Small Wars Journal

DoD Models Insufficient for Unrestricted Warfare

Wed, 04/25/2007 - 9:05am
On 22 March 2007, Inside the Pentagon published an article by Rati Bishnoi entitled "Army Officials Call DoD Models Insufficient for Modeling Unrestricted Warfare." The tone of the piece laments the lack of M&S tools to reflect what the Chinese have long called "unrestricted warfare," a meaning quite different than what many others might think it is--particularly if you are thinking of the Clausewitzian "absolute war" construct. No, here it means "anything can be made into a weapon" and is an approach favored by those who must rely on strategic (as well as tactical and operational) asymmetrical means to win over a militarily superior adversary. Of course, many have seen "unrestricted warfare" in this sense to be a key method in "small wars" and/or so-called "asymmetrical warfare."

There are a number of things that are quite striking in her article. For one, the problem is seen purely in terms of building a better mousetrap--er--database and processing capability. Army officials are quoted as saying the Pentagon needs an "unprecedented data enterprise" that would be accessed to "test hypotheses" so that commanders could make better decisions. The article ends with a warning that analysts need to "enlighten" decisionmakers on the need to gather such data and create such a capability before our adversaries do.

Even if we were to invest in such databases and capabilities, I doubt whether this could keep up with adversarial adaptability if the idea is to pre-empt their "unrestricted warfare" tactics. Our bureaucratic OODA loop will not keep up with those of nonstate "unrestricted warfare" adversaries. So it's hard to see how such an investment would pay off in this regard. It's also difficult to see which adversaries would want to make a similar investment and why. Applying "unrestricted warfare" techniques in the real world is so much cheaper.

Note that I'm not even addressing whether or not M&S can be used in a predictive sense. One must tread carefully here, for while there are success stories of tools being used in this way in other venues to solve other problems, for every one of those there are scores--if not hundreds--of failures. Godel's number theory has something to say about the ability of M&S to predictably model "unrestricted warfare" as practiced in the real world....

That said, there is still room for modeling "unrestricted warfare" at the operational and tactical level in such a way that will help educate minds to think more flexibly and rapidly. Seminar wargames work best to help create the environments where this can take place, but these are difficult to set up and run without devolving into a BOGSATT (Bunch Of Guys Sitting Around the Table Talking).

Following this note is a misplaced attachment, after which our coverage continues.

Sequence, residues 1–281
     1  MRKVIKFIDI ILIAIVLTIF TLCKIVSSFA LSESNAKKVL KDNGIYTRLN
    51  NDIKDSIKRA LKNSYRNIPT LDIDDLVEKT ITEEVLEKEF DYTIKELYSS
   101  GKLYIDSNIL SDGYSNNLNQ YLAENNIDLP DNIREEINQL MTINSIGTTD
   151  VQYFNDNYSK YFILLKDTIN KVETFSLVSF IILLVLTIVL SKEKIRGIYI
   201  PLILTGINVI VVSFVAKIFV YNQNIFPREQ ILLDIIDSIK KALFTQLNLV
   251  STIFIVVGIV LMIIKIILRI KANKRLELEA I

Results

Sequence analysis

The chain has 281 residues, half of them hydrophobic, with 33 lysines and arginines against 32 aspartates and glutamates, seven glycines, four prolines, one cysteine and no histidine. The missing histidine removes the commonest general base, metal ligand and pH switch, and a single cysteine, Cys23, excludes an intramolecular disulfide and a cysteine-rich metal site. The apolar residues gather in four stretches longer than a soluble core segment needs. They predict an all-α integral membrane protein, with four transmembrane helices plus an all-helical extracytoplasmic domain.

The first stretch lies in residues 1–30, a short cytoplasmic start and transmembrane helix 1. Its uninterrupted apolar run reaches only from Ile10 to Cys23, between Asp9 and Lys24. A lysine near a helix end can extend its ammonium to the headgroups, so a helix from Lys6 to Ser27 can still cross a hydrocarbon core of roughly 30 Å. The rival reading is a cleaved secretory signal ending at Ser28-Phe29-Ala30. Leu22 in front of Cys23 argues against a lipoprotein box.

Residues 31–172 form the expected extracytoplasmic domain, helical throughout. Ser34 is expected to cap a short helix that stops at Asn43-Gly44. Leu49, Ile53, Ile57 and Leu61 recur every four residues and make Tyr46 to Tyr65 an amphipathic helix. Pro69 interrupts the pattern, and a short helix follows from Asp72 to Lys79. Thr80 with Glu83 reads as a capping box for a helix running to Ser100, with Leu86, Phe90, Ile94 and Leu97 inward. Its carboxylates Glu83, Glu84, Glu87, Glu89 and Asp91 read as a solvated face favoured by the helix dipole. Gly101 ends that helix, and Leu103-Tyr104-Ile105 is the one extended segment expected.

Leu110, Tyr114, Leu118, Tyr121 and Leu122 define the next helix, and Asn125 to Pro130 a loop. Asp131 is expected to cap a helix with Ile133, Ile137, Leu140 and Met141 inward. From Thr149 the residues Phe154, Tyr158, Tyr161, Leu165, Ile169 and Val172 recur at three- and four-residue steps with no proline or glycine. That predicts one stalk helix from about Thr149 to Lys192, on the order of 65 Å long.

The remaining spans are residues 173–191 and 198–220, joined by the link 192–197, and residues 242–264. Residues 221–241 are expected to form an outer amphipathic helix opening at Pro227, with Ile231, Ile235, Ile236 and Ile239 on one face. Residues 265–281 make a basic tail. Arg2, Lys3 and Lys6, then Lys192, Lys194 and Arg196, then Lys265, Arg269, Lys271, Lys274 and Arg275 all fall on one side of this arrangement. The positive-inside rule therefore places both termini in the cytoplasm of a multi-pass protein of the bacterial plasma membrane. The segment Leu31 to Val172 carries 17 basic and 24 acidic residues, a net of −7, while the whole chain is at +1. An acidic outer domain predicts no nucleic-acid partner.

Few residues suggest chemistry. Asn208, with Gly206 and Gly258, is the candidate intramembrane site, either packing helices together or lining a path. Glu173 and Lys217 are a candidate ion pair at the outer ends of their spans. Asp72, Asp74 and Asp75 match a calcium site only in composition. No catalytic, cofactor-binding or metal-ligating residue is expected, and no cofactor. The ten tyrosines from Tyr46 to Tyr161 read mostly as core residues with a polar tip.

There have been some efforts in applying M&S to unrestricted warfare, but these are just initial, tentative efforts from what I can see. Interestingly enough, the commercial wargaming world hasn't done a whole lot on this front, either. Not a lot of excitement for the teen-aged males who like to blow things up on their PLAYSTATION 3 or X-BOX 360. Most attempts in the commercial world have been in simulating non-lethal means of coercion at the strategic level (e.g., diplomatic carrots and sticks, economic levers, etc.). But nothing really stands out in simulating the operational and tactical level problems "unrestricted warfare" poses for a state military force.



Steve (not verified)

Thu, 05/17/2007 - 3:08pm

Unfortunately the seminar wargame, or something run by a control cell with multiple free-play teams, might be the only way you can simulate anything close to the reality of unrestricted warfare. Using the control cell model and time limits helps avoid the BOGSATT syndrome, though some of the activities would run closer to role-playing games than standard tactical or operational simulation methods. This is an area that's of great interest to me.


Nice job in addressing one of my pet peeves. I've really grown tired of the multitude of defense contractors and government organizations selling wolf-cookie programs that advertise the capability to model or simulate human behavior in a 'three block war' scenario. I sincerely believe that an intelligent agent that can do that is completely out of reach. Thanks for starting this dialogue.

Dave D.

ericmwalters (not verified)

Fri, 04/27/2007 - 2:06pm

Real world scenarios with an extended OPFOR would work for small unit tactical engagements, but once larger tactical units/organizations come into play--to say nothing of operational-level headquarters--it gets too hard/expensive. Here is where modeling and simulation supporting education can work if well developed in conjunction with a well-designed scenario. The military types tend to want Command Post Exercises (CPXs) to see how their processes/procedures work. But that's not what is truly needed in these kinds of situations. Adaptive thinking, rapid/risky innovation, and cooperation/coordination among organizations that normally don't work together is what is key in these kinds of situations. Hopefully this clarifies my views on how M&S could conceivably support efforts to improve in an "unrestricted warfare" environment.

Maybe I am just missing the whole point, but isn't this like cutting down a redwood and then whittling it down to a single toothpick using a 2billion dollar laser?

Wouldn't it be easier to create a real world scenario with an extended OPFOR that acted in the manner we desired and put more of our forces through a ground exercise where they were put in the field with limited weapons and support, forcing them to "improvise, adapt and overcome"?